SHARE

williams brice empty seats

Empty seats … it’s “the Garnet Way.”

The 2009 season is poised to set a new low in attendance for the University of South Carolina football program during the Steve Spurrier era – indeed, in more than a decade of Gamecock football.  And that’s even if huge crowds attend USC’s final two home games against No. 1 Florida and arch-rival Clemson, which is no guarantee.

Through the first five home games of the 2009 season, USC is averaging only 73,542 fans per game – compared to an average of 80,529 per game a year ago.  That means South Carolina would need to draw at least 82,000 fans for the Florida and Clemson games to avoid setting a new home attendance low for the Spurrier era.

Two years ago, 82,410 attended Clemson’s 23-21 win over South Carolina, while 81,215 attended Florida’s 51-31 victory over the Gamecocks.  Meeting those attendance numbers could prove difficult this year, though.

For the first time since 2001, South Carolina failed to sell out Williams-Brice Stadium this year – which University officials blame on a struggling economy and a new SEC TV package that put more games on television.

Here at FITS, we blame the consistently mediocre product that the University puts on the football field – and the addition of a new seat license fee to USC’s already exorbitant ticket prices.

In 2004 – former head coach Lou Holtz’s final year at USC – South Carolina drew 482,200 fans to six home games, or 80,366 fans per game.  It was the fifth consecutive year that USC averaged over 80,000 fans a game – a feat it has accomplished just once (2008) under Spurrier.

The Holtz era also saw the top five crowds in Williams-Brice Stadium history, 85,000 (Clemson, 2001), 84,900 (Florida, 2001), 84,277 (Georgia 2002), 84,200 (Tennessee, 2000) and 83,987 (Clemson, 2003).

Since then, the fan support has gone downhill.

Here’s a look at the last decade of Gamecock football attendance …

Year (Record) – # Home Games – Head Coach – Total Attendance (Per Game) – Attendance Ranking

2009 (6-3) – 7 – Steve Spurrier – 367,709 (73,542) #??
2008 (7-6) – 7 – Steve Spurrier – 563,703 (80,529) – #17
2007 (6-6) – 7 – Steve Spurrier – 549,269 (78,467) #19
2006 (8-5) – 7 – Steve Spurrier – 529,412 (75,630) #19
2005 (7-5) – 7 – Steve Spurrier – 559,071 (79,867) #16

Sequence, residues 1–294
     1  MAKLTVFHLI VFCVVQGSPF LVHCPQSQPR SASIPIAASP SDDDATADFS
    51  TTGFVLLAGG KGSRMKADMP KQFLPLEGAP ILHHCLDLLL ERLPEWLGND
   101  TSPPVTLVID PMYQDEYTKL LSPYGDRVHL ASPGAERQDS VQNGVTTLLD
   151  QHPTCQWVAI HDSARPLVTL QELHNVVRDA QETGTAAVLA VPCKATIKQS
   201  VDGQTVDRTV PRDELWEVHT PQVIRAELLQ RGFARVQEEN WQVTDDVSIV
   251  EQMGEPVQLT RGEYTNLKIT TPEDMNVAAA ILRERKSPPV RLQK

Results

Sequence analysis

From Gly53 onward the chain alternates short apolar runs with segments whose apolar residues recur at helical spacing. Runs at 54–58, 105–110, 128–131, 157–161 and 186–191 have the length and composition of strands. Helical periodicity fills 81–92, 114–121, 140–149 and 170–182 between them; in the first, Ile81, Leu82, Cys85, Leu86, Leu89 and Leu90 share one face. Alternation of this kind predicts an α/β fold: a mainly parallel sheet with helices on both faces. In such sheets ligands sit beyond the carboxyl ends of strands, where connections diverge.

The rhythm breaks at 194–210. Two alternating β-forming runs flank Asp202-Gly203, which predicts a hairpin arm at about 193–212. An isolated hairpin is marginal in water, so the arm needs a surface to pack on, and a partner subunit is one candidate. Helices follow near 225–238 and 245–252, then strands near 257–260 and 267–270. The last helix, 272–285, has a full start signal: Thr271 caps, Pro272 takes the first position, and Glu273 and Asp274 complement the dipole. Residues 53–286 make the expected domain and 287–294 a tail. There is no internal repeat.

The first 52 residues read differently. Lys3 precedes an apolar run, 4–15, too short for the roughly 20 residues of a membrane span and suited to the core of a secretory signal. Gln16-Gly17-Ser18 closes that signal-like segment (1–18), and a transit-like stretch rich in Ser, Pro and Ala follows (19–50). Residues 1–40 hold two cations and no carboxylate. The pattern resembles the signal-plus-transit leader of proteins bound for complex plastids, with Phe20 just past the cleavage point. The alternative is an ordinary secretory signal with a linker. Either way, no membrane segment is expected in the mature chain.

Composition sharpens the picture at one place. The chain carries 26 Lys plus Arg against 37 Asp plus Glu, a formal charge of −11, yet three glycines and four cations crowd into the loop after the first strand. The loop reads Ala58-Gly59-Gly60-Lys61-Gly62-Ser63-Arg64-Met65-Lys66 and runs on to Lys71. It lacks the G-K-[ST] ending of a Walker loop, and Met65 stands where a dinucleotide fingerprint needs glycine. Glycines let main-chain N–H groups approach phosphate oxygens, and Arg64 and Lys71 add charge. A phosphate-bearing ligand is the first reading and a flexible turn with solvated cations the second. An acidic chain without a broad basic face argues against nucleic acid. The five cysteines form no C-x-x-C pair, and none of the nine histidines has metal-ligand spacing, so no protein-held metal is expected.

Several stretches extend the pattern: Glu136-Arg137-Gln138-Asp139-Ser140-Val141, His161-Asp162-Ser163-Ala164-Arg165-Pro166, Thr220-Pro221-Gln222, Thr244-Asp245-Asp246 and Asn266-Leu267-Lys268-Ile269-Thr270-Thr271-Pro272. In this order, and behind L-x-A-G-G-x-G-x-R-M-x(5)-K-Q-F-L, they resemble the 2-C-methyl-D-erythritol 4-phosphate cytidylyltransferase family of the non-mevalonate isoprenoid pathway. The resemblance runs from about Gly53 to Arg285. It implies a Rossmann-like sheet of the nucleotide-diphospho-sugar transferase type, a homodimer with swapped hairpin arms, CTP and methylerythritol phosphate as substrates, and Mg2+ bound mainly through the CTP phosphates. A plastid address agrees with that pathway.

2004 (6-5) – 6 – Lou Holtz – 482,200 (80,366) NA
2003 (5-7) – 8 – Lou Holtz – 646,754 (80,844) #13
2002 (5-7) – 6 – Lou Holtz – 492,828 (82,138) #10
2001 (9-3) – 7 – Lou Holtz – 578,295 (82,614) #11
2000 (8-4) – 6 – Lou Holtz – 491,425 (81,904) #11
1999 (0-11) – 6 – Lou Holtz – 469,635 (78,273) #14
1998 (1-10) – 6 – Brad Scott – 448,463 (74,744) #15

When Spurrier arrived on campus five years ago, USC’s athletics department had big dreams – both on the football field and with respect to the facilities surrounding it.

USC officials were looking to add an upper deck to the north end zone, which would have boosted Williams-Brice Stadium’s capacity by another 13,500 seats.  That would have raised the stadium’s capacity to 96,000, and made it possible to squeeze as many as 100,000 inside for big games.

That goal now seems like a pipe dream, particularly after only 68,278 fans showed up for an SEC match-up against Kentucky earlier this season.  That was the smallest crowd to watch a USC game in over a decade.

Also remember that these are “announced” crowds, not necessarily the number of “butts in seats.”

Of course the lack of demand for a stadium expansion hasn’t stopped USC from pouring millions into Williams-Brice.

USC spent $4 million prior to this season to upgrade the locker room and “recruiting area” beneath the West stands, which includes the addition of a giant Gamecock that players rub for luck before taking the field.  Prior to the 2008 season, the stadium’s training room also received a multimillion-dollar makeover.